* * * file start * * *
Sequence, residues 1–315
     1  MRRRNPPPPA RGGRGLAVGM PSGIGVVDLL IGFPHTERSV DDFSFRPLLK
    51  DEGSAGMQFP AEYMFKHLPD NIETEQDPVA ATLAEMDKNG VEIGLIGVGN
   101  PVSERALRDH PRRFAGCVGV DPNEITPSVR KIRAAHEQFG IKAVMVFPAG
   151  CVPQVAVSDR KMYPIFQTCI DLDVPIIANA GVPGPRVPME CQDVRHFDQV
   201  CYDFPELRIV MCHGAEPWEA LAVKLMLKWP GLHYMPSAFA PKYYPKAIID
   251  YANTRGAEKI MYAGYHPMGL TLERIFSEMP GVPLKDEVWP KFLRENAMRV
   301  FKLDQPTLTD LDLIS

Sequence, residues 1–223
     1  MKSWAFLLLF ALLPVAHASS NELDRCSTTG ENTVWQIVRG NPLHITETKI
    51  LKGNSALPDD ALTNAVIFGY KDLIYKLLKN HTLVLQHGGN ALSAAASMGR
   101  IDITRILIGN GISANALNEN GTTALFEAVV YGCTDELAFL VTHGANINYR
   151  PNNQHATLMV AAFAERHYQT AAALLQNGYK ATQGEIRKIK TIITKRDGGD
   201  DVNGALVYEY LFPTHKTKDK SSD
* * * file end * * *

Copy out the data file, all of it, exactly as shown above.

Sequence, residues 1–315
     1  MRRRNPPPPA RGGRGLAVGM PSGIGVVDLL IGFPHTERSV DDFSFRPLLK
    51  DEGSAGMQFP AEYMFKHLPD NIETEQDPVA ATLAEMDKNG VEIGLIGVGN
   101  PVSERALRDH PRRFAGCVGV DPNEITPSVR KIRAAHEQFG IKAVMVFPAG
   151  CVPQVAVSDR KMYPIFQTCI DLDVPIIANA GVPGPRVPME CQDVRHFDQV
   201  CYDFPELRIV MCHGAEPWEA LAVKLMLKWP GLHYMPSAFA PKYYPKAIID
   251  YANTRGAEKI MYAGYHPMGL TLERIFSEMP GVPLKDEVWP KFLRENAMRV
   301  FKLDQPTLTD LDLIS

Sequence, residues 1–223
     1  MKSWAFLLLF ALLPVAHASS NELDRCSTTG ENTVWQIVRG NPLHITETKI
    51  LKGNSALPDD ALTNAVIFGY KDLIYKLLKN HTLVLQHGGN ALSAAASMGR
   101  IDITRILIGN GISANALNEN GTTALFEAVV YGCTDELAFL VTHGANINYR
   151  PNNQHATLMV AAFAERHYQT AAALLQNGYK ATQGEIRKIK TIITKRDGGD
   201  DVNGALVYEY LFPTHKTKDK SSD